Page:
Outcomes of a peer HIV prevention program with injection drug and crack users: The risk avoidance partnership
MetadataShow full item record
The Risk Avoidance Partnership (RAP) Project conducted in Hartford, Connecticut, tested a program to train active drug injectors and crack cocaine users as "Peer Health Advocates" (PHAs) to deliver a modular HIV, hepatitis, and STI prevention intervention to hard-to-reach drug users in their networks and others in the city. The intervention was designed to diffuse health promotion and risk-reduction interventions by supporting PHAs to model prevention practices and deliver risk- and harm-reduction materials and information. We compared change in behaviors and attitudes between baseline and 6-month follow-up of 112 primarily African-American and Latino PHAs, 223 of their drug-user network contact referrals, and 118 other study recruits (total n = 523). Results indicated significant HIV risk reduction among all study participants, associated with significant health advocacy action conducted by PHAs, and a relationship between exposure to the RAP peer-delivered intervention and risk reduction among all study groups. Findings suggest that active drug users' engagement in peer health advocacy can set in motion a feedback and diffusion process that supports both the continued work of the PHAs and the adoption of harm reduction and mimicking of health advocacy by their peers. Copyright © 2009 Informa Healthcare USA, Inc.
Showing items related by title, author, creator and subject.
Dickson-Gomez, J.; Weeks, M.; Convey, M.; Li, Jianghong (2011)The authors present a model of interactive social psychological and relational feedback processes leading to human immunodeficiency virus (HIV) risk reduction behavior change among active drug users trained as Peer Health ...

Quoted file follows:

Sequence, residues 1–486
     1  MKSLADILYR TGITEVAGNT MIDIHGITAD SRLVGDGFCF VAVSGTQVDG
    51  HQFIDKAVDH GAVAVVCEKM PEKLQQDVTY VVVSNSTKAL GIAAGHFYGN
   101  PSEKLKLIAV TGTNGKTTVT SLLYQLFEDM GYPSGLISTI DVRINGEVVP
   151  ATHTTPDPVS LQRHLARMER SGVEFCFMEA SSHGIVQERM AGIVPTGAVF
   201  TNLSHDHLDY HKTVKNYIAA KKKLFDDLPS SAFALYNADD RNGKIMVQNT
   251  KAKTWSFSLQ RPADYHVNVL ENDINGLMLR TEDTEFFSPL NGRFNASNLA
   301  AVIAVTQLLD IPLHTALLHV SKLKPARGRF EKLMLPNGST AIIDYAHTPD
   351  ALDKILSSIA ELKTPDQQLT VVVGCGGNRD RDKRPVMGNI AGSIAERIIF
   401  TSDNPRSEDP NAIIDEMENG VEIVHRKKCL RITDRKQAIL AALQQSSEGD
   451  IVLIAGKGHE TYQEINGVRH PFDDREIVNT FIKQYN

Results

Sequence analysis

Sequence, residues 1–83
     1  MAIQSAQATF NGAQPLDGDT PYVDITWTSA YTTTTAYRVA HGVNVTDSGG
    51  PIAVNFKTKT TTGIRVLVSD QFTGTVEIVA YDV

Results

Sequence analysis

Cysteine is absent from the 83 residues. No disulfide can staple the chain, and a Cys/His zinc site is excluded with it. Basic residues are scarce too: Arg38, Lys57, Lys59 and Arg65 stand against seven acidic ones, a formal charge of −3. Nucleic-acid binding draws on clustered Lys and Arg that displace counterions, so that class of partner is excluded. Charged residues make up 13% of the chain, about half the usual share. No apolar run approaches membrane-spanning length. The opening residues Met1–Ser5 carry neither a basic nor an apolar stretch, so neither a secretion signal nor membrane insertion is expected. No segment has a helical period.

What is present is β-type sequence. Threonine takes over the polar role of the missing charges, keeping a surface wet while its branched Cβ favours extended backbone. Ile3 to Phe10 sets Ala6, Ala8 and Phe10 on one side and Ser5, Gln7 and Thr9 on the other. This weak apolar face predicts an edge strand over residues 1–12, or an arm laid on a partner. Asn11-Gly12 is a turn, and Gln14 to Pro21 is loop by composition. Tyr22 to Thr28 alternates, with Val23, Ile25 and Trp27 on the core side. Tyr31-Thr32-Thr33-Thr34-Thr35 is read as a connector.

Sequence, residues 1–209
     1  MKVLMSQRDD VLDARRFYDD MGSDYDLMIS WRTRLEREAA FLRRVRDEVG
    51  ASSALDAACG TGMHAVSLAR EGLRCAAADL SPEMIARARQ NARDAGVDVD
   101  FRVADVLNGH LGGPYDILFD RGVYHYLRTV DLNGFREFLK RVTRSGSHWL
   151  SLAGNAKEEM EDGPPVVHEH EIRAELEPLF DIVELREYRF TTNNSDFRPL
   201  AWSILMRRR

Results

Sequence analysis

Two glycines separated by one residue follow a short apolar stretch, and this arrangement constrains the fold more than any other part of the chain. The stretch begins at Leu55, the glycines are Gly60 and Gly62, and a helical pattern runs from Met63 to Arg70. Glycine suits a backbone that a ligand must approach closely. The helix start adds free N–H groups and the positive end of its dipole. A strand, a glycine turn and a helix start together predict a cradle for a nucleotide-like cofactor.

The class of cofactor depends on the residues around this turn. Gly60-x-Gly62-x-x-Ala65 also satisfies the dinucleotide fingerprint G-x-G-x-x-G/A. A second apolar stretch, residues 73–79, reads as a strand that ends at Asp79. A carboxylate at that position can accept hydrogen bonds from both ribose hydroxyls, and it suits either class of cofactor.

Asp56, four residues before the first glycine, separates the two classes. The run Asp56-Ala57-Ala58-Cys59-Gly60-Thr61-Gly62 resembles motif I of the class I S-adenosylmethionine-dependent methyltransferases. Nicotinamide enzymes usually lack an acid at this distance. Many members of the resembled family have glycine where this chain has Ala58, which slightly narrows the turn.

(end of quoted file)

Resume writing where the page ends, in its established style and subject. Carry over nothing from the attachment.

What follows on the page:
Changing drug users' risk environments: Peer health advocates as multi-level Community Change AgentsWeeks, M.; Convey, M.; Dickson-Gomez, J.; Li, Jianghong; Radda, K.; Martinez, M.; Robles, E. (2009)Peer delivered, social oriented HIV prevention intervention designs are increasingly popular for addressing broader contexts of health risk beyond a focus on individual factors. Such interventions have the potential to ...
Cannabis, risk and normalisation: Evidence from a Canadian study of socially integrated, adult cannabis usersDuff, Cameron; Erickson, P. (2014)Howard Parker's 'normalisation thesis' has made a significant contribution to youth drug studies in many countries. Parker's thesis has been less investigated, however, for its application across the life course, and few ...